He praised the work Jennifer Hatcher, FMI's senior vice president of government and public affairs, and her team for the work being done on the legislative front on several issues.

Among the most pressing legislative issues for FMI membership:

• Credit- and debit-card interchange fees are “at the top of the list” of legislative priorities, Morganthall said, as financial firms battle to weaken debit-card reforms that were part of last year's financial-services overhaul.

“It's an uncontrollable cost that exceeds our profit margins in most transactions,” he said. “And it's a pretty tough fight between us and the rest of the world. The banks have really spent heavily in their lobbying efforts on this, so it's a tough uphill climb.”

• Loosening restrictions for health coverage mandates involving part-time workers. “We need to make people understand the large role of part-timers in this industry,” Morganthall said.

Health care reforms initially called for monthly evaluations of employee full- and part-time status, but FMI has sought yearly reviews instead. Retailers are also concerned about requirements that accompany providing insurance to part-time workers.

• More-frequent distribution of food benefits for the needy through the Supplemental Nutrition Assistance Program and the Women, Infants and Children service.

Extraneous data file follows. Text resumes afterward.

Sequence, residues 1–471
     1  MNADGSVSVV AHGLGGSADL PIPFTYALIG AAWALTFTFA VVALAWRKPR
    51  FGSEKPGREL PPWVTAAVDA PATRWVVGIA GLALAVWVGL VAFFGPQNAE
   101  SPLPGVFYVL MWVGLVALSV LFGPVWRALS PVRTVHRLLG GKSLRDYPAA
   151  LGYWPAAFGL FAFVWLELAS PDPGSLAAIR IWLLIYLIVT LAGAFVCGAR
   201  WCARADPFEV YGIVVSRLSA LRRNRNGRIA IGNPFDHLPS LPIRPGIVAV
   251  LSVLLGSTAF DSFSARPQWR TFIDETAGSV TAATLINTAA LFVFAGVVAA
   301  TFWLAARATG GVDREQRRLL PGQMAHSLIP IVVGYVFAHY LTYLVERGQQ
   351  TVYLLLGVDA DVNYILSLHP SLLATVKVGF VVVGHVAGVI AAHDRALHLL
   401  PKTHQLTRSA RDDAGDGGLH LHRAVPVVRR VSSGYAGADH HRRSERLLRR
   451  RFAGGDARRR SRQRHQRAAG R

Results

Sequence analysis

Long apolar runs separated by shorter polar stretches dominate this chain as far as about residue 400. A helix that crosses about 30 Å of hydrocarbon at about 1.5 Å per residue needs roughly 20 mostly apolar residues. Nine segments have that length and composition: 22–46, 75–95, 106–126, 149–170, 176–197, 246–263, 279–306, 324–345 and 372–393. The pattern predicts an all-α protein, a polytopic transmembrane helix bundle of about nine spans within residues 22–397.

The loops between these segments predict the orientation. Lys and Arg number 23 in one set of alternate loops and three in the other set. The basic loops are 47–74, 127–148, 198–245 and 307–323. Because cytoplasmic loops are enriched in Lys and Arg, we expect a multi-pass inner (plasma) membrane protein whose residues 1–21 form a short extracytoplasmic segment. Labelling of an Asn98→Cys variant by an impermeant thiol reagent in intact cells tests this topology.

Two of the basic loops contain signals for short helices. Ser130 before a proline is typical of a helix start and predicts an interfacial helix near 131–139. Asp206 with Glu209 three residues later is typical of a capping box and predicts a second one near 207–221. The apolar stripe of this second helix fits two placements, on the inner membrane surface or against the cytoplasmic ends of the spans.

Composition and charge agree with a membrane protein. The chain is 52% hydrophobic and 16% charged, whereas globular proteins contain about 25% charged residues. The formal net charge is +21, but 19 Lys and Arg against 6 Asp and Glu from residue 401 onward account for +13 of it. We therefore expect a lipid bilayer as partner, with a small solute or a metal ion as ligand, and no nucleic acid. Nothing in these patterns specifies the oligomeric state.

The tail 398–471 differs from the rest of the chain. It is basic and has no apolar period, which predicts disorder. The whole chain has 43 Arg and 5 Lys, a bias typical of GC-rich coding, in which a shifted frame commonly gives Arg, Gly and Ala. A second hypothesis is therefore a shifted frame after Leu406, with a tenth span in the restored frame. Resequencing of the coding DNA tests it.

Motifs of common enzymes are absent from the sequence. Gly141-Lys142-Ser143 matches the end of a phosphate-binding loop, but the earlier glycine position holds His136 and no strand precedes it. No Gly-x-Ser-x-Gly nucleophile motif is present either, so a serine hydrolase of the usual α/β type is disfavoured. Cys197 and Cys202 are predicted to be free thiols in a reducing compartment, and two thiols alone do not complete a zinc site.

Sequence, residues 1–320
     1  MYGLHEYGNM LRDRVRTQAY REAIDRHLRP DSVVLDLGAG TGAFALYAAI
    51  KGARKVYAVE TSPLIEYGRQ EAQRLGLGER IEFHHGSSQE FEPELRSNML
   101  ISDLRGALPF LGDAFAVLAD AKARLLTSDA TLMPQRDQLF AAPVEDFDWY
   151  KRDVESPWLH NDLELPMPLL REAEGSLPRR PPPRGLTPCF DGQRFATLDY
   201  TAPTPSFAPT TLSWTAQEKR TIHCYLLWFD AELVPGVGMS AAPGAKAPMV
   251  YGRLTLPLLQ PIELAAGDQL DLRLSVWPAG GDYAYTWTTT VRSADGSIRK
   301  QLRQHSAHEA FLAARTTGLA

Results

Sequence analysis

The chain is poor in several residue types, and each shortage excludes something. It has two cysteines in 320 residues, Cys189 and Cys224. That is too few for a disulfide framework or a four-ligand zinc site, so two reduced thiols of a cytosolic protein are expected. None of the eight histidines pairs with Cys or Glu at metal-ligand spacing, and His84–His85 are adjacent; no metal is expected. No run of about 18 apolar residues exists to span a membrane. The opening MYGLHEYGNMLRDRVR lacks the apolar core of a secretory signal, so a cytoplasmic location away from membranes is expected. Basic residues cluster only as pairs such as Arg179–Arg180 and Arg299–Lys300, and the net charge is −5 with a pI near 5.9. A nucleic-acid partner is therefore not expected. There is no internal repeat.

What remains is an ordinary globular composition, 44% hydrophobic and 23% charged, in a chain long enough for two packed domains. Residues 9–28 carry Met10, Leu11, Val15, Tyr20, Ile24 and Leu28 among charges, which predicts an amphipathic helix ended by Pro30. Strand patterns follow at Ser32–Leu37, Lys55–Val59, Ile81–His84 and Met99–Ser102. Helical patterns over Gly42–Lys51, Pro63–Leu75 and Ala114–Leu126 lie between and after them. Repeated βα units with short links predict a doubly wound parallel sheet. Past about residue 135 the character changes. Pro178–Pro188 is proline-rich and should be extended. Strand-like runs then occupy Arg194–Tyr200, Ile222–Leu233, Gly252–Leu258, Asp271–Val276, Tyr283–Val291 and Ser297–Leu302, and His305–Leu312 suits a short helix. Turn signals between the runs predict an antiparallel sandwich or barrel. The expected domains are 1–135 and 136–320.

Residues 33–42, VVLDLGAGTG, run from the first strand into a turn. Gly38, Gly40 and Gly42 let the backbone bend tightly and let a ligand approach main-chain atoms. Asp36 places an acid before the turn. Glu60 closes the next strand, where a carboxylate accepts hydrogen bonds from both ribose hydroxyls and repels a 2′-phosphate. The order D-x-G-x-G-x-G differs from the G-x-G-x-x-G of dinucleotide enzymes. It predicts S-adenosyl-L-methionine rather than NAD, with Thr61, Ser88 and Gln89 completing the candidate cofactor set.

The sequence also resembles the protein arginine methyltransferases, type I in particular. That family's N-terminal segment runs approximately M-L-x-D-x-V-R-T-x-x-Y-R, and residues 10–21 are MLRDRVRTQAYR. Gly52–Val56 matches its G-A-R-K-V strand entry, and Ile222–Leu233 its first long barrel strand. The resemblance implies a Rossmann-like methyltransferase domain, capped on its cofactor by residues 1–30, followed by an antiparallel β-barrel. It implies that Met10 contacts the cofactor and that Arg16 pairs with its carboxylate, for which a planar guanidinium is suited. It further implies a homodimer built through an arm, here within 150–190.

Retailers have been pressing for benefits to be distributed more often than once per month, to avoid the binge-buying cycles that accompany the beginning-of-month checks.

“It would make it easier to schedule our workforces, and frankly make it easier to order product and be in stock for those customers when they come in and shop,” Morganthall explained. “It would be very beneficial.”

• National Labor Relations Board issues, both legislative and regulatory.

  • “There is nothing more important to us than our associates, but the mandates envisioned by the NLRB do nothing to empower the associates, and it really makes it burdensome,” Morganthall said.

    After the fading of the “card check” legislation that would have made it easier for workers to form unions, retailers said the NLRB has been pursuing legal and regulatory actions to achieve similar results.

    Another key area where Morganthall sees FMI excelling is in food safety, an issue that the association has focused on for several years. He credited Danny Wegman, chairman and chief executive officer of Wegmans Food Markets. for leading FMI's efforts.

    “FMI has done a great job with [the Safe Quality Food Institute], with Rapid Recall Exchange, with SafeMark and with the Partnership for Food Safety Education,” Morganthall said, naming the certification, product recall, industry training and consumer education programs. “Food safety is a top priority for FMI, from where the food is grown to where it is being consumed by the customer.

    “And it is a high priority for every member at every company — we all feel very strongly about that,” he added. “Our customers expect it of us, and we have to continue to deliver.

    FMI could also play a role in communicating with the public about rising commodity costs and the pressure that is having on prices, he noted.

    “I see the role of myself and our officer team as working with Leslie and her team to focus on what our member needs are, and to address other priority issues on behalf of the industry,” Morganthall concluded. “I think our role is to make sure that all FMI members feel included in what FMI is doing.”